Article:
Chili con Carne

The taxonomy of chili is always a matter of contention. While Chili con Carne, literally peppers with meat in Spanish, is the inclusive term for what is usually called chili, in my experience the longer name usually refers to a stew containing beef, peppers, beans, and tomatoes. Texas chili, on the other hand, contains no beans and often no tomatoes while Cincinnati chili contains tomatoes but no beans. Some claim that authentic Texas chili uses cubed meat; Cincinnati chili, ground meat. This recipe based on ground beef with kidney beans is pretty much what I remember my mother making when I was a boy so I supposed you could call it New England chili. Whatever you call it this is a tasty warming dish perfect for a cold winter night.


  • 1 pound dry red kidney beans (or 3 15-ounce cans, drained, plus water)
  • 8 quarts cold water
  • Vegetable oil (see instructions)
  • 2 pounds ground beef (I use ½ sirloin and ½ eye round)
  • 1 large onion, chopped
  • 1 green bell pepper or 2 Anaheim peppers, chopped
  • 2 jalapeño chiles, chopped (optional but recommended)
  • 3 or 4 cloves garlic, minced
  • 1 15-ounce can diced tomatoes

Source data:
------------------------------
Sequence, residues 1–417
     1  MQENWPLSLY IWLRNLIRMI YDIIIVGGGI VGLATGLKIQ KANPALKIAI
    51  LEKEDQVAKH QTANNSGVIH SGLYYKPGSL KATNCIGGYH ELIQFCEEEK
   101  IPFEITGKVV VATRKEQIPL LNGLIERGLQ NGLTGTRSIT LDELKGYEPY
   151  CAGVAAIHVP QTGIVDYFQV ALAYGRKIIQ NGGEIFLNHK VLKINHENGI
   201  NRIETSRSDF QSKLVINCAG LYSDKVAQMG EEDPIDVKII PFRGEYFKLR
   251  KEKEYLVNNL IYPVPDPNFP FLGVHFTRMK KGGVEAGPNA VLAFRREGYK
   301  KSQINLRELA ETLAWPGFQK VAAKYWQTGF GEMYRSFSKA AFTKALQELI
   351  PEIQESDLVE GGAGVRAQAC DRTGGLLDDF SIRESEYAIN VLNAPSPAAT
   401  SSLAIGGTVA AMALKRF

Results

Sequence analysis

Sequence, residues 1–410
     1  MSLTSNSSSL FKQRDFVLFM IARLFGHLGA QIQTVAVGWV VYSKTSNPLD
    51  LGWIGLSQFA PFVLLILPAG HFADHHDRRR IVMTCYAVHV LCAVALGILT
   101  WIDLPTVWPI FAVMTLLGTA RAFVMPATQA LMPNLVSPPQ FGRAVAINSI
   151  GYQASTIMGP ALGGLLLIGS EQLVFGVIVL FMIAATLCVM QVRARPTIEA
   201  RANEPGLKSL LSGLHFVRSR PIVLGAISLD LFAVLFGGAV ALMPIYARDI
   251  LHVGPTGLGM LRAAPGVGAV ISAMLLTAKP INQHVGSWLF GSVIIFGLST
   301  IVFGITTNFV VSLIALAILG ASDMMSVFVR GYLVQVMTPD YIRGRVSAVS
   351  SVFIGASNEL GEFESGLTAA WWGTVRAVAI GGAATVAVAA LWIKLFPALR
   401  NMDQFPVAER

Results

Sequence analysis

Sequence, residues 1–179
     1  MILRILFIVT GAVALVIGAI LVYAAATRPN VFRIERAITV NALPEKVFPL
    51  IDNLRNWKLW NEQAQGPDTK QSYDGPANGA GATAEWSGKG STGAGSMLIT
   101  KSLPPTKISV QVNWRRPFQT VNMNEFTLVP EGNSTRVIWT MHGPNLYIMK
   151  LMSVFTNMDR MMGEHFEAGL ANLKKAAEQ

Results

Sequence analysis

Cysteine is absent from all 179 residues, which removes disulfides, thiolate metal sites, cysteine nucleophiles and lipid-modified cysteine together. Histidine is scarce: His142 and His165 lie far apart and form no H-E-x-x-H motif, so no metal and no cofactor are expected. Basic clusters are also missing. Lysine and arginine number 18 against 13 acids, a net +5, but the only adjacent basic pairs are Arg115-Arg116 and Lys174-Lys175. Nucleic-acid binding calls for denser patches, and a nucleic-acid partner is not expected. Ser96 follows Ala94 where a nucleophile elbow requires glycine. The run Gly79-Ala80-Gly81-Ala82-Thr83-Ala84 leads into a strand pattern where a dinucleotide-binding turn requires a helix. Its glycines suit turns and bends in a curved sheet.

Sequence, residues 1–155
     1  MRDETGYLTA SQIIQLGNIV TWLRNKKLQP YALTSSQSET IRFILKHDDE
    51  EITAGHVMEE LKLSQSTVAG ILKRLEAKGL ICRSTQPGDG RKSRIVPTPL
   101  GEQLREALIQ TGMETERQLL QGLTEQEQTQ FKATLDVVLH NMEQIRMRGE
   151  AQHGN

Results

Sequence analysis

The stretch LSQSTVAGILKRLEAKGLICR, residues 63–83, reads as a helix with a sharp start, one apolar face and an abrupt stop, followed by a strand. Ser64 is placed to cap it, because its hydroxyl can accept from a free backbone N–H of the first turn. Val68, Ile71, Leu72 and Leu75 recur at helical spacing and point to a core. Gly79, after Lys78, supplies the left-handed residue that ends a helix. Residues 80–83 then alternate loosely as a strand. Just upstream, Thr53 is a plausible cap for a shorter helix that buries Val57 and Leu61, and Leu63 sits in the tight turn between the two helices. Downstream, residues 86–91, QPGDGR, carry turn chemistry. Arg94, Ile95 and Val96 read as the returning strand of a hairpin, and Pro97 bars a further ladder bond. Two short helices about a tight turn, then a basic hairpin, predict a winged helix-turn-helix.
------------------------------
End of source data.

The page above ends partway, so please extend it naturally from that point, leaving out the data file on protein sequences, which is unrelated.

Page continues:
• 3 Tbsp. chili powder, preferably homemade
  • 1 Tbsp. ground cumin
  • 1 Tbsp. cider vinegar
  • Salt and pepper to taste


Rinse dry beans and pick over for any discolored ones or small stones. Place in the pressure cooker with the 8 quarts of water. Cook at high pressure for 20 minutes, timing from when the cooker reaches full pressure. Allow to cool for 10 minutes then open according to the manufacturer’s instructions. Drain the beans reserving the cooking liquid. (If you do not have a pressure cooker simply double the cooking time.)

Film a large non-stick skillet with oil, set over medium heat and, working in batches, brown the meat. Set aside.

Heat a large, cast iron Dutch oven over medium-high heat. When hot add about 1 Tbsp. of oil and cook the onion, pepper, and jalapeños until softened. Add the garlic and tomatoes. Cook for about 1 minute then stir in the chili powder, cumin, and vinegar.  Put the meat and beans in the pot along with enough of the reserved cooking liquid to just cover. Stir to combine. Bring to a boil then reduce the heat to maintain a gentle simmer, uncovered. Cook for about 1 hour, stirring occasionally, and adding a bit more bean cooking liquid or water as needed. Taste and adjust seasoning with salt and pepper. Serve with chopped onions, chopped pickled jalapeños, shredded cheddar or Monterey jack cheese, sour cream, and perhaps a piece of corn bread.


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